This is not to say, as one might expect, that I am depressed by this sort of weather. Sure, I would at one time have called it dreary or depressing as readily as anyone, but I chose to change my approach some years ago, using a serendipitous, if a bit silly, source of inspiration (though I am proudly eccentric when it comes to these).

     In this case, I chose to take my cue from, of all things, an old series of TV ads for vitamins. The tag line was, “It's a great time to be Silver!”. Though it always seemed too clumsily obvious, in the way so many slogans are, I still liked the positive 'spin' of it – reframing the whole concept of aging, playing out scenes that shot holes in some of the myths associated with it.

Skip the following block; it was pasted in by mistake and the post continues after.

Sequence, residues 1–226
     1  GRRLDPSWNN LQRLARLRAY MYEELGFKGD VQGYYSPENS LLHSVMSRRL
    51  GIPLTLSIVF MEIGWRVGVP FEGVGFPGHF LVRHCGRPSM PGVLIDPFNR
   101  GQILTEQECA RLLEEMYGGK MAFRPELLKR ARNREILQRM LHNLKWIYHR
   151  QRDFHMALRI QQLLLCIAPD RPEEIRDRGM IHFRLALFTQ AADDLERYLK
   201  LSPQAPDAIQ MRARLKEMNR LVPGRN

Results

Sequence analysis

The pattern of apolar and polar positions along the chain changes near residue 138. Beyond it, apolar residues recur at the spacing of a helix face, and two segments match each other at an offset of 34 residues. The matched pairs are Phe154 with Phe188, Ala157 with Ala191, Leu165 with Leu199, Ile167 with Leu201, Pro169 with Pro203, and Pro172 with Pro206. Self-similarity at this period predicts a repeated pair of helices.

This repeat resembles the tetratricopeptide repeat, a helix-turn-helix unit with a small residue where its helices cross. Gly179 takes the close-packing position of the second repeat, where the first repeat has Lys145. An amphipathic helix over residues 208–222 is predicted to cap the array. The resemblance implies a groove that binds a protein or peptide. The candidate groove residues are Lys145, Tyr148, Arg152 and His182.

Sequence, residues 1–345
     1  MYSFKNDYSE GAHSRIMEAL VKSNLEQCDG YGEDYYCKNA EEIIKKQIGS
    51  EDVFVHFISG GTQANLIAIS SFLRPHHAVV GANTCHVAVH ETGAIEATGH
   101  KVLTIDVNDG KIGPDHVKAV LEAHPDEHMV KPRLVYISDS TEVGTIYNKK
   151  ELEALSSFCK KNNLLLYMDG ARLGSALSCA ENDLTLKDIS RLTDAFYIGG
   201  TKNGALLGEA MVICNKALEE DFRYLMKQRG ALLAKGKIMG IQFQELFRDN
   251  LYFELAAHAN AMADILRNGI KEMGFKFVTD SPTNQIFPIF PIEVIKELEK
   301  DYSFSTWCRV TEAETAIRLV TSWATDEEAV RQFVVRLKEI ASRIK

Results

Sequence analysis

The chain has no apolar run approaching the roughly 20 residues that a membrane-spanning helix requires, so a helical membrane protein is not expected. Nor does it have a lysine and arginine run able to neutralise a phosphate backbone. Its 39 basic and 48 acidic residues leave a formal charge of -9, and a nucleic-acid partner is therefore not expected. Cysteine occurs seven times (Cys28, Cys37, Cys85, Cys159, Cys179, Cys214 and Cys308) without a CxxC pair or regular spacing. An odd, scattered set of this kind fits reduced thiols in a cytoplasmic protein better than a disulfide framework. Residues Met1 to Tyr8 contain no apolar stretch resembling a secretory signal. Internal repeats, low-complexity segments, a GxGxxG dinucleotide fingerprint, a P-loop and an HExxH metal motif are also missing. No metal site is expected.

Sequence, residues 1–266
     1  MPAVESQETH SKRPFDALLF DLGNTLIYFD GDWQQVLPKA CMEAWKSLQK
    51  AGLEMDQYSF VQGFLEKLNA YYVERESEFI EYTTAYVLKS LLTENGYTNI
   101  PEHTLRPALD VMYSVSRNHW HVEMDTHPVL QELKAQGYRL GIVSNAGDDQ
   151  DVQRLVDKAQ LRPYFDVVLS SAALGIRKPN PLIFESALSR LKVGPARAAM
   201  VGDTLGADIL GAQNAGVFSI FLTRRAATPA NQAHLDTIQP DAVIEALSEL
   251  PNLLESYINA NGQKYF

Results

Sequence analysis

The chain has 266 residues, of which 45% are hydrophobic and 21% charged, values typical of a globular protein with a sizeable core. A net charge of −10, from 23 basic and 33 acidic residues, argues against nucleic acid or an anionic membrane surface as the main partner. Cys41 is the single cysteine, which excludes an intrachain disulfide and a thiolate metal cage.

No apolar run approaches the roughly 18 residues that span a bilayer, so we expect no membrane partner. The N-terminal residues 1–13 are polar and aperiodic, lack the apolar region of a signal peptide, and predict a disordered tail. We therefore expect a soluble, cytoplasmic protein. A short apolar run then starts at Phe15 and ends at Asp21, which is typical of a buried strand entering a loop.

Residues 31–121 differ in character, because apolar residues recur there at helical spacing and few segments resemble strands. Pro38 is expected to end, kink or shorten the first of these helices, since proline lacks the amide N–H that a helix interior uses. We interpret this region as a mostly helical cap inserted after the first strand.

I could see the myth about gray days through the same lens. Instead of continuing to embrace the negative connotations of the phrase, the perceived gloominess and dullness associated with it, I'd begin to think in terms of silver days instead. Days of quiet and rest and recovery. A nice metaphor even came to my mind the other day: overcast weather is nature's way of giving a vacation to hard working plants.

     I would love to write more on the subject, but I'm afraid I can't. You see, it's a silver day and so I'm just too sleepy!  

Friday, September 24, 2010

Buck Dharma Had It Right

     I was born in the heart of October.

     If you were to look at my birth certificate, you'd note the date of July 16th, which would be correct. However, Mom's pregnancy was a fairly typical one, so the spark that would eventually give rise to the man I am today entered this world nine months before.